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Dreary United beginning to count cost of Euro failure

By Ian Herbert

Manchester United believe that winning the Premier League is now a far greater achievement than lifting the Champions League trophy and would secure them far greater global recognition than Europe's elite competition, which they exited on Tuesday night.

The mindset at Old Trafford pre-dated elimination after the 3-2 defeat to Wolfsburg, though sceptics will consider it convenient and point to the huge symbolic and emotional capital attached to the 1968, 1999 and 2008 European Cup wins.

The desperately uninspiring European campaign this season places manager Louis van Gaal under pressure to deliver a serious Premier League challenge to justify the £250m investment in his squad and prove that the club are advancing under him.

Though the manager has total support from a board that feels he is making progress, Van Gaal's position could come into question if he cannot mount a title challenge in the spring and a growing backlash from fans accompanies more anaemic football.

The view from United is that going close to winning the Premier League - they are currently fourth - would be a big achievement, given that the division's vast TV revenues mean even the so-called smaller clubs parade world-class internationals.

Exiting the Champions League at the hands of the side currently fifth in the Bundesliga means an immediate loss of the £4m United would have collected for reaching the last 16, with a further £20.7m in prize money available to the side who wins the tournament..

Missing out on potentially three more European home games and the TV revenue that a journey to the final in Milan would have brought deprives them of up to £40m.

United were not gracious in defeat on Tuesday, notifying a Uefa match official before flying out of Germany that their dressing room at Wolfsburg's Volkswagen Arena had been too hot.

But their broader complaint stems from the failure of their renewed attempts to persuade the Premier League to help their Champions League efforts by timetabling some of their games around continental commitments.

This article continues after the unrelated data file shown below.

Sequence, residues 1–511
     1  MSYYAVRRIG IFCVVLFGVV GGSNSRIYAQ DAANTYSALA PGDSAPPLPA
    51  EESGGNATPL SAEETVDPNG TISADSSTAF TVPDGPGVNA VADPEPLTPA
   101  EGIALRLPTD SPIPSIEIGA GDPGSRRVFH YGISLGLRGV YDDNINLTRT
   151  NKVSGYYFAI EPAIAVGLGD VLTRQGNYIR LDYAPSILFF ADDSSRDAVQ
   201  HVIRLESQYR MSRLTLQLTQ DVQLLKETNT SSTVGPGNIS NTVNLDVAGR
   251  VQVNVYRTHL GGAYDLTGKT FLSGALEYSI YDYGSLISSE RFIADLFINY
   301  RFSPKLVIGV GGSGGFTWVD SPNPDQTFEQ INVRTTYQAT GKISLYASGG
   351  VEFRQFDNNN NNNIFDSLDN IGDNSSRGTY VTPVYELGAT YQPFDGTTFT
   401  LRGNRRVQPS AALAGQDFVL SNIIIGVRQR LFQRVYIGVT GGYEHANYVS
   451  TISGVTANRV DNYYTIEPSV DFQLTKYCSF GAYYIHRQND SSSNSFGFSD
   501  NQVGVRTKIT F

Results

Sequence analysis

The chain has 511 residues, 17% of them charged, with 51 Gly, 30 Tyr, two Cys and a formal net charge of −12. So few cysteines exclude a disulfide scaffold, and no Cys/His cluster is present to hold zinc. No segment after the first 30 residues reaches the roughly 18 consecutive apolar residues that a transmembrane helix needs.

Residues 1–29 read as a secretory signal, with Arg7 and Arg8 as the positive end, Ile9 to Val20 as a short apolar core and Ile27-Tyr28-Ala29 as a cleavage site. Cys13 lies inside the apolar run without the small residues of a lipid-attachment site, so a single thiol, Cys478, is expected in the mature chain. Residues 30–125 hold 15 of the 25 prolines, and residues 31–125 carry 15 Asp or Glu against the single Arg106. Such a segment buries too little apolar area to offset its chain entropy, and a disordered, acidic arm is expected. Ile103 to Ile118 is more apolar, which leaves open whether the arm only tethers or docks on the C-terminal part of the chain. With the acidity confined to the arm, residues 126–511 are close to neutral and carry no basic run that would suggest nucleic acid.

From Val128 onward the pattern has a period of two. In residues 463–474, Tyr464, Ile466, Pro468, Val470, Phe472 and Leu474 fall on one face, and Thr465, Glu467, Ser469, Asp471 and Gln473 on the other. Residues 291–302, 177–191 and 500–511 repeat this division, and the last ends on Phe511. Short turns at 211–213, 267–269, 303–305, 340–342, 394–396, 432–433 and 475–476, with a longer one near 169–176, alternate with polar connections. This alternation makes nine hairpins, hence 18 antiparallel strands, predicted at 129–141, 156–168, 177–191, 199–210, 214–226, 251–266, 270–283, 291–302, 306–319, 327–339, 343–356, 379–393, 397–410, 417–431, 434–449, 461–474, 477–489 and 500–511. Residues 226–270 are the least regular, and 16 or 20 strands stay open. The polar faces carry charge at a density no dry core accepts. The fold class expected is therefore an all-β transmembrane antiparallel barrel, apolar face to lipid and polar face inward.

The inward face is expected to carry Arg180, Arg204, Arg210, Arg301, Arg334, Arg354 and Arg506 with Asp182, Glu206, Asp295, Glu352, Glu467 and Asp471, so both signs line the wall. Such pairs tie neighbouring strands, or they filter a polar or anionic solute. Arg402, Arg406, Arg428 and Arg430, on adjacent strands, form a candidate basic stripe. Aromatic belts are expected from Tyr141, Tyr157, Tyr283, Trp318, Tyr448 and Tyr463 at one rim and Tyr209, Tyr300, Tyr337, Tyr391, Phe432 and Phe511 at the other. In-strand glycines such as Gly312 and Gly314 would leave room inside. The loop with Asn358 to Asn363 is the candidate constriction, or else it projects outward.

Friday night games would have given them three or four days' rest before Europe.

The message has come back firmly from the Premier League chief executive, Richard Scudamore, that there is not the remotest chance of assistance.

It is thought that the emphasis between Premier League and Champions League, as viewed from Old Trafford, has shifted from 50-50 to 80-20 in the domestic competition's favour.

But United midfielder Marouane Fellaini admitted that relegation to the Europa League, with its Thursday-Sunday fixture sequence, damages United's title hopes. "Yes, because when you play Thursday it is closer to the weekend so it will be tough," he said.

United are pessimistic about the prospects of strengthening the squad next month. The new £5.1bn TV deal means no Premier League club will be willing to lose a player whose departure might damage them and most can afford to reject advances from wealthier rivals.

United, who are most likely to look for reinforcement at left-back following Luke Shaw's long-term injury, could revive their interest in Southampton's striker Sadio Mané.

However reduced United's view of the Champions League might be, it is a level of football that leading continental players want.

Fellaini was asked what had gone wrong in the European campaign. "We didn't score," he replied. "We should have finished it against PSV Eindhoven."

Belfast Telegraph


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